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Toshiba Corp., a leading maker of consumer electronics, has said that it would continue to support a format that would unify competing Blu-ray and HD DVD format. Potentially, such a format would mean that neither Toshiba, nor Sony, the main pusher of the competing Blu-ray, have to spend additional resources on format popularization.

“We have not given up on a unified format. We would like to seek ways for unifying the standards if opportunities arise,” Toshiba president Atsutoshi Nishida is reported to have said at an annual shareholders' meeting.

Blu-ray and HD DVD formats compete for replacing the DVD standard. HD DVD discs can store up to 15GB on a single layer and up to 30GB on two layers. Its competitor, Blu-ray, can store up to 27GB per single layer and up to 50GB on two layers, but Blu-ray discs are more expensive to produce. The HD DVD is pushed aggressively by Toshiba and NEC as well as being standardized at the DVD Forum, which represents over 230 consumer electronics, information technology, and content companies worldwide. Blu-ray is backed by Sony and Panasonic, which are among the world’s largest makers of electronics. Among Hollywood studios HD is supported by Warner Bros. Studios, New Line Cinema, Paramount Pictures and Universal Pictures, whereas Sony Pictures, Walt Disney, Warner Bros. and Twentieth Century Fox endorse Blu-ray.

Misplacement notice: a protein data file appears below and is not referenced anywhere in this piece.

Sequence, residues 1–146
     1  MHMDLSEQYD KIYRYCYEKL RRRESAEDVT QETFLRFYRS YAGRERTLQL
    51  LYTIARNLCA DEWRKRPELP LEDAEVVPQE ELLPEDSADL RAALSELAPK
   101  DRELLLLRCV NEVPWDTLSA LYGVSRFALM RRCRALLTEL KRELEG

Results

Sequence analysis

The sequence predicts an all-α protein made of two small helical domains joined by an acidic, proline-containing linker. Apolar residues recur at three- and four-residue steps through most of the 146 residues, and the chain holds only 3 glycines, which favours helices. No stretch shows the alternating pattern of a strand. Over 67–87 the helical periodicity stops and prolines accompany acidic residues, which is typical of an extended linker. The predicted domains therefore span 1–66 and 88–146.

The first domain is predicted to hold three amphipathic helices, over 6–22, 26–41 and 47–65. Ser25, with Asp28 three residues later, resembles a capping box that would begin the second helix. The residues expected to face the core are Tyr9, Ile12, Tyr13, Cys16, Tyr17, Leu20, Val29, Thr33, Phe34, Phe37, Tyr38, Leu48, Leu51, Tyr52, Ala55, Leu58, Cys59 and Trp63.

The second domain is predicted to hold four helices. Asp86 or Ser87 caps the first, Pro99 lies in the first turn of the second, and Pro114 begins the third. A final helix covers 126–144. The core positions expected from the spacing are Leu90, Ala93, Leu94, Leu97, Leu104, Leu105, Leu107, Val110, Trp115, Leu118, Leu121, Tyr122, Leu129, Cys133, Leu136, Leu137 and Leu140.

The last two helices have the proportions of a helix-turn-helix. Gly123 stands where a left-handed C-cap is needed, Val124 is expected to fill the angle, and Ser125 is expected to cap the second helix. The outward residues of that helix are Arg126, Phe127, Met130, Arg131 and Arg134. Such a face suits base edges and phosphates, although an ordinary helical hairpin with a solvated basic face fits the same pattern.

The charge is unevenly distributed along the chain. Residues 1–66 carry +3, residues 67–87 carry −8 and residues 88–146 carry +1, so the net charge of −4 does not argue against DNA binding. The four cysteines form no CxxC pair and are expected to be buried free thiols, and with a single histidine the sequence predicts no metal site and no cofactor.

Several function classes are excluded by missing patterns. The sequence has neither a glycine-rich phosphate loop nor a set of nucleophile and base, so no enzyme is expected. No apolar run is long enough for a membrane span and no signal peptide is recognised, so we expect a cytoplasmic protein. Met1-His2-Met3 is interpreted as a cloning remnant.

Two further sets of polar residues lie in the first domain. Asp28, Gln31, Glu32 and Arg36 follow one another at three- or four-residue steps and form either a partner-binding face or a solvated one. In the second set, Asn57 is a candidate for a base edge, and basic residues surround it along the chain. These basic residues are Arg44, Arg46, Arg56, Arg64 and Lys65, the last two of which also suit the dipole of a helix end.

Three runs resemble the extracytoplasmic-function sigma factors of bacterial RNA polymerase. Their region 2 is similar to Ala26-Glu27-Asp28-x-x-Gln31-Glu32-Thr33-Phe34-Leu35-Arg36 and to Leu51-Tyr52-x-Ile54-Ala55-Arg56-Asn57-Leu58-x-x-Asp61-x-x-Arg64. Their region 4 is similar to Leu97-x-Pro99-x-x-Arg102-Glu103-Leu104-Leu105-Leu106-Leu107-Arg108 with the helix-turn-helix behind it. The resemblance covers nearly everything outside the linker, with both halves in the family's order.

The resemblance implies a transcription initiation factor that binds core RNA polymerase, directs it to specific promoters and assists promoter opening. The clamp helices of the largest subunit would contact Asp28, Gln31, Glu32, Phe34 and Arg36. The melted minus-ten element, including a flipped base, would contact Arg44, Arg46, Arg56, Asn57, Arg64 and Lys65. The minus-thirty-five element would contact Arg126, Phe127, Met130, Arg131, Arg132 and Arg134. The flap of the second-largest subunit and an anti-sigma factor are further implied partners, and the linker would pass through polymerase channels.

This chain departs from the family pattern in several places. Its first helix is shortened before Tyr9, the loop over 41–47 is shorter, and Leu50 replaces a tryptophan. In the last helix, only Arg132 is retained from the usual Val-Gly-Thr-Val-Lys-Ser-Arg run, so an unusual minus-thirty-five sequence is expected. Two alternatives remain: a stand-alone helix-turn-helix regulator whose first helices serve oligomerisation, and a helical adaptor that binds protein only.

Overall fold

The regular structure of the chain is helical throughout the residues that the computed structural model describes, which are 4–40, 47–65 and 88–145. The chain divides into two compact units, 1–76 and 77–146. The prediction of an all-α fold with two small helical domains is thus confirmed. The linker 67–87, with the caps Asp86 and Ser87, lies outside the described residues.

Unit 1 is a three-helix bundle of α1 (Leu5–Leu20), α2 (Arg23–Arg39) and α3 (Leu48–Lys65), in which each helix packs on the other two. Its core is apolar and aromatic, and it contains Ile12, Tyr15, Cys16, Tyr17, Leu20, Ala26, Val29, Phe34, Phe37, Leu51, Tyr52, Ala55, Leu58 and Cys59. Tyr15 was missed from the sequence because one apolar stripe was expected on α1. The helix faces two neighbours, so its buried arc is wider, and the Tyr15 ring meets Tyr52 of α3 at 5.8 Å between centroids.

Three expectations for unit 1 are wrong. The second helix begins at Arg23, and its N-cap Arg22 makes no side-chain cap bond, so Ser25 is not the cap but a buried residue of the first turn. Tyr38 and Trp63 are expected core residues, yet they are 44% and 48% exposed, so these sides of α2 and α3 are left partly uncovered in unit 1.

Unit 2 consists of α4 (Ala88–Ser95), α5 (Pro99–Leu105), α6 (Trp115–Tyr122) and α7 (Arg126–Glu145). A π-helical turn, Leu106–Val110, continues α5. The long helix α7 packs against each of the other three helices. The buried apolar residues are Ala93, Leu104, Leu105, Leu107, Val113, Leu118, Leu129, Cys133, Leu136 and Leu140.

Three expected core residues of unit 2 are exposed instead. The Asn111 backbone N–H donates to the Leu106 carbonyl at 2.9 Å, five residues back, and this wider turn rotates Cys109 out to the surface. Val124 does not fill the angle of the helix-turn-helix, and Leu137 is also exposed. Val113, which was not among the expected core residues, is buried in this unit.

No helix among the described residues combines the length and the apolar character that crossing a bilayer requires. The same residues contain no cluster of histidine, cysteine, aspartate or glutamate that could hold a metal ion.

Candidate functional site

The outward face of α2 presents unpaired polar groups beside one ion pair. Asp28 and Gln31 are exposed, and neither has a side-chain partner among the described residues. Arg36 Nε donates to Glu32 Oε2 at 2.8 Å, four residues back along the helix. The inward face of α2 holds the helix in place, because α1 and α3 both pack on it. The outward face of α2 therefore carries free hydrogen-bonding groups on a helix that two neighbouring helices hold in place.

Last year Blu-ray and HD DVD backers were not able  to propose a unified standard, even though, publicly both Sony and Toshiba vowed to do so.

Traditional single-layer DVDs allow consumers to watch movies in 720x480 (NTSC) or 720x576 (PAL) resolution with Dolby Digital audio. The blue-laser discs will provide consumers 1920x1080 resolution as well as DTS or Dolby Digital Plus audio along with some additional interactive features.

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